INTERPOL ?? (0)

Anonymous Coward | more than 2 years ago | (#39195359)

It still runs Windows 95/98 on its desks, you know !! Truly amazing work, boys !! Truly amazing !!

It won't help. (3, Interesting)

Anonymous Coward | more than 2 years ago | (#39195369)

Legio mihi nomen est, quia multi sumus.

Re:It won't help. (5, Funny)

robably (1044462) | more than 2 years ago | (#39195439)

"Lego is available to all men, and what a multitude of things you can do with it."

Those Latins, they knew a thing or two.

Re:It won't help. (1)

jonamous++ (1687704) | more than 2 years ago | (#39196009)

Could not stop laughing - awesome. :)

They're defeated now! (5, Funny)

GmExtremacy (2579091) | more than 2 years ago | (#39195373)

Surely they've been completely defeated. What a good use of time and resources.

Anonymous is a national security threat.

Re:They're defeated now! (1)

Corbets (169101) | more than 2 years ago | (#39195405)

Surely they've been completely defeated. What a good use of time and resources.

Anonymous is a national security threat.

Well, that really depends. Most of Anonyomous, according to your various news sources, consists of script kiddies willing to "bot" their PC out to a couple folks with actual hacking expertise. Despite the "we're all equal, there are no leaders here" mantra, it appears that these efforts are coordinated from a reasonable discrete number of sources.

If they've got those sources, then the capabilities of Anonymous will indeed go down.

As for them being a national security threat, no more so than your average vandal or thief - but we toss them in jail, too.

Re:They're defeated now! (1)

durrr (1316311) | more than 2 years ago | (#39195493)

Obviously the coordinators need some IT security (breaching) experience. There is likely quite a few more than 25 of those however.

Re:They're defeated now! (2)

GmExtremacy (2579091) | more than 2 years ago | (#39195559)

As for them being a national security threat, no more so than your average vandal or thief - but we toss them in jail, too.

It all depends on how much effort and resources we're putting into it. Spending billions of taxpayer dollars to catch jaywalkers would be a complete waste of time.

Of course, I don't think this situation is as bad as it is with piracy (so much time, effort, and draconian laws over people copying data).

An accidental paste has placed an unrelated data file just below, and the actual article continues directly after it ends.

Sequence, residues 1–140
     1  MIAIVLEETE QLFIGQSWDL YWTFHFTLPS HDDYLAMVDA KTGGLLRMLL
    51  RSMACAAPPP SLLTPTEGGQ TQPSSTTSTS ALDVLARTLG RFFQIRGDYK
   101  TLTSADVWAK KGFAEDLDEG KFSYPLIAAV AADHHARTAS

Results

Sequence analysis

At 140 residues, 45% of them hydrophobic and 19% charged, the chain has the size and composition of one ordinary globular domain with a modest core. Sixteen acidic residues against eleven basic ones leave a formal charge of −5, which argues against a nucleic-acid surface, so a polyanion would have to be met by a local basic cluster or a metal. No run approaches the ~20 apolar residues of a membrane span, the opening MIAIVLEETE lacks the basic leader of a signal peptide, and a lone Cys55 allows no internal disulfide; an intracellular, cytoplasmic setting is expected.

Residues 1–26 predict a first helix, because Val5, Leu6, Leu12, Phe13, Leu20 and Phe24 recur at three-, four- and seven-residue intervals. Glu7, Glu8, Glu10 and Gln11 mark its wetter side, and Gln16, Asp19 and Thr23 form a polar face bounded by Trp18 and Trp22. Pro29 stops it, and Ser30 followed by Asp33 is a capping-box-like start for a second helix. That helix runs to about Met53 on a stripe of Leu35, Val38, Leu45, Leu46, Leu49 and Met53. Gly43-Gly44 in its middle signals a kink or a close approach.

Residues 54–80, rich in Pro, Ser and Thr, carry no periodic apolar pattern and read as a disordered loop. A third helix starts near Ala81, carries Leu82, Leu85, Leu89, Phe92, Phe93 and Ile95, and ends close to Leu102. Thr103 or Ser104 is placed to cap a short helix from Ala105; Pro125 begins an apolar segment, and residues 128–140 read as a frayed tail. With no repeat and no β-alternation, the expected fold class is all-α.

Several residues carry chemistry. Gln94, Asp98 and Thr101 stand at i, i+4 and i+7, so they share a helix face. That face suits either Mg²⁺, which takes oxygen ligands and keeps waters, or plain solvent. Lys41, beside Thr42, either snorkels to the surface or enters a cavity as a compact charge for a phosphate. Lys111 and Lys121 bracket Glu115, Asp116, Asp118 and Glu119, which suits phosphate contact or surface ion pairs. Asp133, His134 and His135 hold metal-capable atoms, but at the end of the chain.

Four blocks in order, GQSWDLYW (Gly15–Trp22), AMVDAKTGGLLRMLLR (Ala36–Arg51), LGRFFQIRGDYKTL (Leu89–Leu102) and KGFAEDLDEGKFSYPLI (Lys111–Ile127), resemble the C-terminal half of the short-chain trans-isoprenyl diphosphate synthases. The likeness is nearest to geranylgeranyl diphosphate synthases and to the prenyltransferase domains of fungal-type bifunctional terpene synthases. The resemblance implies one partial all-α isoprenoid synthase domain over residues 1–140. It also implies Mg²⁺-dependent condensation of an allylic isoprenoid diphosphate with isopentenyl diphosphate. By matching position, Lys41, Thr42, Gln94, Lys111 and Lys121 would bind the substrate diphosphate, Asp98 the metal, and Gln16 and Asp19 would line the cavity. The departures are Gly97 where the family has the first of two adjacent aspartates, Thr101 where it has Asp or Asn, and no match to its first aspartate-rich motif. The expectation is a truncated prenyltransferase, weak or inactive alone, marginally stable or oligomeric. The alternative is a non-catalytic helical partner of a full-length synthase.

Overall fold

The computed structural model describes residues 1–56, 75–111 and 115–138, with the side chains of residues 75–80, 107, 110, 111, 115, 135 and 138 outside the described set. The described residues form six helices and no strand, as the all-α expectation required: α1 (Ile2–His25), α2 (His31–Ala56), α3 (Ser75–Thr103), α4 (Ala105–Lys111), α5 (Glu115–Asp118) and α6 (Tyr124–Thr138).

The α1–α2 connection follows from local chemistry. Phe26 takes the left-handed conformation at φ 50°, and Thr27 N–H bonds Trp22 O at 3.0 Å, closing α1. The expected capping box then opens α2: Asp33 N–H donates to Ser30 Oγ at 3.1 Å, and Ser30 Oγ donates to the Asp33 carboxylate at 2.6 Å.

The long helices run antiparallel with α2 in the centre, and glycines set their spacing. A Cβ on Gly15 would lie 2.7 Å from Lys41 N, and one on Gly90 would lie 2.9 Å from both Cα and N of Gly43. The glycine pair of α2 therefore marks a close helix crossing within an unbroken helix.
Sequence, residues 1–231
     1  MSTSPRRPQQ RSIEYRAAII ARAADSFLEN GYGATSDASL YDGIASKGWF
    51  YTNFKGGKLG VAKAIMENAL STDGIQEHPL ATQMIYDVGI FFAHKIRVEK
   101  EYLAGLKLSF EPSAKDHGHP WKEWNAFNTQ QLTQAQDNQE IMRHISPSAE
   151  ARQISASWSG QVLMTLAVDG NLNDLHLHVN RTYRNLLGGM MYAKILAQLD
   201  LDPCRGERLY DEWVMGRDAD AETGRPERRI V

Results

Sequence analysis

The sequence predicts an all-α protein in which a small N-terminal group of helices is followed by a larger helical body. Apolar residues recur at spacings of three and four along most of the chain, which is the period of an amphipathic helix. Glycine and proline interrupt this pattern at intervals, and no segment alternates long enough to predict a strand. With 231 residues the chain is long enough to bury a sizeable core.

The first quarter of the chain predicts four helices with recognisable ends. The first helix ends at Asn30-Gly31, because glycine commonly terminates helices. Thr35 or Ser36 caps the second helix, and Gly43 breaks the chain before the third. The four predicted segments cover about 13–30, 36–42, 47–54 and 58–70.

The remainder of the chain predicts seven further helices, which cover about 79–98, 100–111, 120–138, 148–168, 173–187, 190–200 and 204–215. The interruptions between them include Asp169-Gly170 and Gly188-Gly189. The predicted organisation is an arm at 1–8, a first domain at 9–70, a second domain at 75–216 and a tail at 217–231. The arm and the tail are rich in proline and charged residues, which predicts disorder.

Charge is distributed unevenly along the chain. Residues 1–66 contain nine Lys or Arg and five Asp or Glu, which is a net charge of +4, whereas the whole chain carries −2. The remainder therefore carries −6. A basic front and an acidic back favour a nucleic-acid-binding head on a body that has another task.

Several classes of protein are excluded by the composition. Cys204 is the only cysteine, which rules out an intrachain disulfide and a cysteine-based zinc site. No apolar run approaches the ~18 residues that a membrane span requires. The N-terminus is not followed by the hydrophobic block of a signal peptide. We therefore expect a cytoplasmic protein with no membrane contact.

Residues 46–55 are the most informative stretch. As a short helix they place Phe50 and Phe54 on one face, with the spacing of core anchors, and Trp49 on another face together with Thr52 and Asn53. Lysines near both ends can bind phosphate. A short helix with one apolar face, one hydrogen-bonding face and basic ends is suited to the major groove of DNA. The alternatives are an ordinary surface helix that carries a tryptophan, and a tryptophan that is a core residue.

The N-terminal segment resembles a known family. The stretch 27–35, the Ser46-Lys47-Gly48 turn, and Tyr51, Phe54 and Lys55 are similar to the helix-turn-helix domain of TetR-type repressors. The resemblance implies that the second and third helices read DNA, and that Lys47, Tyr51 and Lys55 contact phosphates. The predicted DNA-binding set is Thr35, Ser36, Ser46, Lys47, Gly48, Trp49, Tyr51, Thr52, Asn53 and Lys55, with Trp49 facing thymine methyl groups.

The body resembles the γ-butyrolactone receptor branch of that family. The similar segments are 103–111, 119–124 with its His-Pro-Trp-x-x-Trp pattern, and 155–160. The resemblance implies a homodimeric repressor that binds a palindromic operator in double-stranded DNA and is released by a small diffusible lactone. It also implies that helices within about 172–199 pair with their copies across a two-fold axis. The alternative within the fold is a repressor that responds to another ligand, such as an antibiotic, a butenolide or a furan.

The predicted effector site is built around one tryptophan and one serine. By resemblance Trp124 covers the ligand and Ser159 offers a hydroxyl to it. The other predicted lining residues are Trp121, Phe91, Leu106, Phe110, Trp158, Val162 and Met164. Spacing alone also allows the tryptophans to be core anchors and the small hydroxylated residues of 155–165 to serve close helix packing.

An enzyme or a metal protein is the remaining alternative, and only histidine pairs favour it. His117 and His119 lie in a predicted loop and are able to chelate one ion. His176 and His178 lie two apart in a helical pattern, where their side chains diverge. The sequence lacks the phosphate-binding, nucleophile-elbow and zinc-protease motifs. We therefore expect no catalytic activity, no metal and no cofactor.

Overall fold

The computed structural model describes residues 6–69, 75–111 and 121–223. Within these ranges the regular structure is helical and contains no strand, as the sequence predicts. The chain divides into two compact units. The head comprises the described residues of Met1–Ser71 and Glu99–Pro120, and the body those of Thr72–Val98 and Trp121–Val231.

Re:They're defeated now! (1)

GameboyRMH (1153867) | more than 2 years ago | (#39196037)

Those ad-hoc leaders are transient though, so they'll have to lock up every skilled hacker in existence to take down Anonymous.

Re:They're defeated now! (1)

Hentes (2461350) | more than 2 years ago | (#39195435)

When the risk of participating becomes too high, most members will abandon Anonymous.

Re:They're defeated now! (3, Insightful)

durrr (1316311) | more than 2 years ago | (#39195517)

Anonymous is more like a publishing and public rage outlet. There's hardly a member card required for it either, if I went to some random secret document repository, tossed everything in a photocopyer, escaped and then published it as "Anonymous", all on my own, it's quite unlikely that someone would pop up to claim "Oh he's not Anonymous, we are!".

The standard meaning of the word still applies even though there's a lot of internet and 4chan memes associated to it also nowdays.

Re:They're defeated now! (1)

GmExtremacy (2579091) | more than 2 years ago | (#39195533)

I don't think that'll ever happen. There are simply too many of them, and I simply don't think they're worth the time and effort it would take to pay too much attention to them to try to send a message.

It'll get even worse if they learn what anonymity actually is.

Re:They're defeated now! (4, Insightful)

Ihmhi (1206036) | more than 2 years ago | (#39195547)

Anonymous is a national security threat.

They are, but not in the way you or I would think.

Are they a threat in the sense of "getting control of nuclear missiles by whistling over Skype?" Absolutely not.

Are they a threat in the sense of making our government look as corrupt and incompetent as it really is? Absolutely, and that's why Interpol and the like are so hardcore about stopping them.

Re:They're defeated now! (1)

Anonymous Coward | more than 2 years ago | (#39195585)

Are they a threat in the sense of "getting control of nuclear missiles by whistling over Skype?" Absolutely not.